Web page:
One song into her performance at the Larimer Lounge on Wednesday night, someone in the crowd asked Sky Ferreira if her and her four-man backing band had visited Denver’s famous Casa Bonita. They had.
“That shit was weird,” she laughed. “I didn’t get to jump in the lake. But we did go into the cave.”
The stage had emptied out behind her, except for her guitarist. He tickled out a few bars from “Sad Dream,” she closed her eyes and got a few lines in before cracking up: “Can we start over? I can’t stop picturing that place now.”
For a newly-minted alt idol who puts forth a few different faces on the 2012 EP “Ghost,” the 20-year-old Ferreira couldn’t contain her humanity here. Chalk it up to the peculiar makeup of Wednesday’s young crowd. Many in the welcoming audience had come for the homecoming of her tour partner, How To Dress Well.
Skilled in manipulating both synths and vocals, the 27-year-old Tom Krell of How To Dress Well grew up in Denver. Speaking to Complex late last year, he described the state as “beautiful” but “pretty boring.” He left for Boston College and is currently working toward a PhD in philosophy in Cologne, Germany. It was during this latter period that he began releasing experimental electronica under his current moniker. As a creative resident of Denver, it’s a little disappointing to think that the city still struggles to appeal to such strange and beautiful outliers on the broader talent spectrum. Krell is certainly just that, blessed with a perfect falsetto and an avid interest in experimentation.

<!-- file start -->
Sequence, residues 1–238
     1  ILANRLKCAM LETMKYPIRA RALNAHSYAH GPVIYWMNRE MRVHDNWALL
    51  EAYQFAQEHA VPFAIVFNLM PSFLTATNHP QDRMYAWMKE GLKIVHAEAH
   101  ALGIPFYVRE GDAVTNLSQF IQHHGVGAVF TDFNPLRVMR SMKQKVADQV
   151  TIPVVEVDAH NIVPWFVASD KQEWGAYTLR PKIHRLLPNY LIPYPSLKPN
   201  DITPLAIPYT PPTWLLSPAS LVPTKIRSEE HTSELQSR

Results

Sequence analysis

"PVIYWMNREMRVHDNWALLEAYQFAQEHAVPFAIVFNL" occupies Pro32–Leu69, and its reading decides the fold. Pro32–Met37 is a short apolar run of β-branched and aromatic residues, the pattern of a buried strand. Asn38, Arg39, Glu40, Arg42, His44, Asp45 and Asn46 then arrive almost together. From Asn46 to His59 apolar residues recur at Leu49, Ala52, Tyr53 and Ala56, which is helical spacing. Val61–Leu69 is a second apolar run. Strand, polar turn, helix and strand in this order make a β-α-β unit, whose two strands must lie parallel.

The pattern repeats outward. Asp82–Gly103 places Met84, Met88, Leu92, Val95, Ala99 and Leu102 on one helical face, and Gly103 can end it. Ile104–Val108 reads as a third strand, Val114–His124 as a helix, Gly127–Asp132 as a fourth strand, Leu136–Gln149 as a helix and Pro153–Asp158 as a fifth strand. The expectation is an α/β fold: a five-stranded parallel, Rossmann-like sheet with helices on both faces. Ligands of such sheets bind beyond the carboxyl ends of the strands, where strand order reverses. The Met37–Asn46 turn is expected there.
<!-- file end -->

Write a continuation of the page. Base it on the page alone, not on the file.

This combination could be seen in the way he wielded dual microphone stands to recreate the ghostly vocal reverberations of his records, leaning in to whisper, mumble or belt his lyrics.
As an artist who has expressed appreciation for anonymity, Krell’s disarming stage chatter suggested he was making an exception this evening. Despite being rattled by a bit of side-stage heckling, he mostly maintained his gravitas. He closed with “Set It Right,” the intensely somber anthem in which he expresses sadness over the departure of important figures from his life. Undoubtedly, a few or more of those were in the audience.
Backed by two full-lengths, Krell’s performance had more emotional heft than Ferreira’s. Her set was well-received nonetheless. She’s found a timeless hit in her runaway single “Everything is Embarrassing,” which was delivered at the end of a carousel set of glam rock and dance songs, along with a few peculiar country odes. These came off a little flat unfortunately, with the exception of “Red Lips,” a snarling rock song that complements Ferreira’s heroin-chic style more so than the others.
Electronic blogger Erik Myers is a Denver-based writer and new contributor to Reverb. Contact him at email@example.com or follow him on Twitter.
Vy Pham is a Denver photographer and a new contributor to Reverb.